- The US reached its debt ceiling, or debt ceiling, in January.
- On June 1st, the so-called “X date,” the public may also run out of money to pay all the bills.
- The government will not be able to pay everyone on time. To avoid a “technical default,” it is likely to prioritize payments to investors holding Treasuries.
- Payments such as Social Security, Medicare, tax refunds, and military salaries are likely to be delayed.
- Democrats and Republicans have yet to reach a deal to raise or stop the debt ceiling and avoid the consequences.
U.S. Senate Minority Leader Mitch McConnell, Republican Kentucky. House Speaker Kevin McCarthy, Republican, California. President Joe Biden. and Senate Majority Leader Chuck Schumer (NY) will meet in the Oval Office on May 9, 2023 to discuss the debt ceiling.
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It could be several more weeks before the US can no longer pay its bills. If this happens, it will likely have wide-ranging and painful economic repercussions for American households.
The impact of the debt ceiling conflict could delay payments issued by the federal government, such as Social Security, Medicare, tax refunds, military salaries, and many other large payments.
As an example, if the US only had 80 or 90 cents per dollar outstanding, it would be forced to defer certain payments.
“Somebody is running out of money,” said Michael Priese, senior economist at Wells Fargo Economics.
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There are many unknowns, including how long the delay will last and whether the government will prioritize certain payments. The US has never been in a situation like this, and the government has not issued a public roadmap outlining its response, so there is some speculation involved.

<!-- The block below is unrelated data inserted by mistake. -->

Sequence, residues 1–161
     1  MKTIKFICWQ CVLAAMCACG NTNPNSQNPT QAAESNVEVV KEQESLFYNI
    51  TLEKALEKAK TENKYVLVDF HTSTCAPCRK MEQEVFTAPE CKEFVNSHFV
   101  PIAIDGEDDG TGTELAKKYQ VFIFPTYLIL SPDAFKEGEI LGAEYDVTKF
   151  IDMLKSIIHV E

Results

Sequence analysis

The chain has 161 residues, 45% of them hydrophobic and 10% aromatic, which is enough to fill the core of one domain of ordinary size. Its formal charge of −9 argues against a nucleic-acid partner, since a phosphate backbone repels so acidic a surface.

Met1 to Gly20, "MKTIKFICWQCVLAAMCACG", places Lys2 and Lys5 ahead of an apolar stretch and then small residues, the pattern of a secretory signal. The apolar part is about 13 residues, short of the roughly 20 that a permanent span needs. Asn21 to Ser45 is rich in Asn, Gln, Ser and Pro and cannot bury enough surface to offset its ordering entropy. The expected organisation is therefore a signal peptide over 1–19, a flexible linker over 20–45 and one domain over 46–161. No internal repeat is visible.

“We’re looking at some sort of contagion effect,” said Rachel Snyderman, senior deputy director for economic policy at the Center for Bipartisan Policy think tank. “The extent of infection is unknown.”
US Treasury Secretary Janet Yellen speaking in Washington, April 21, 2023.
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The U.S. is in this situation because of political conflicts related to the debt ceiling, also known as the debt ceiling. This cap is the amount the US is allowed to borrow to pay its bills.
The country has a budget deficit, which means it spends more than it earns. Therefore, in order to fulfill our obligations, we must borrow money.
Congress regularly raises or temporarily suspends the debt ceiling to avoid another scenario: default on Treasury bills and other federal payments.
My current problem is: The country reached its debt ceiling (currently $31.4 trillion) in January. Since then, the U.S. Treasury Department has been able to move funds to delay the so-called “X-date,” when the federal government fails to pay its bills in full.
Treasury Secretary Janet Yellen said that date could be as early as June 1. Said last week.
However, due to the political deadlock between Democrats and Republicans, no deal has so far come to fruition.
If the U.S. enters X-Date without a deal on a debt ceiling, it will be the first time in U.S. history that the federal government will intentionally renege on its financial promises.
This is where assumptions about who gets rewarded and when come into play. A few clues and educated guesses help answer that question.
The government will probably pay out investors and financial institutions that hold Treasuries first. These payments to bondholders are principal and interest.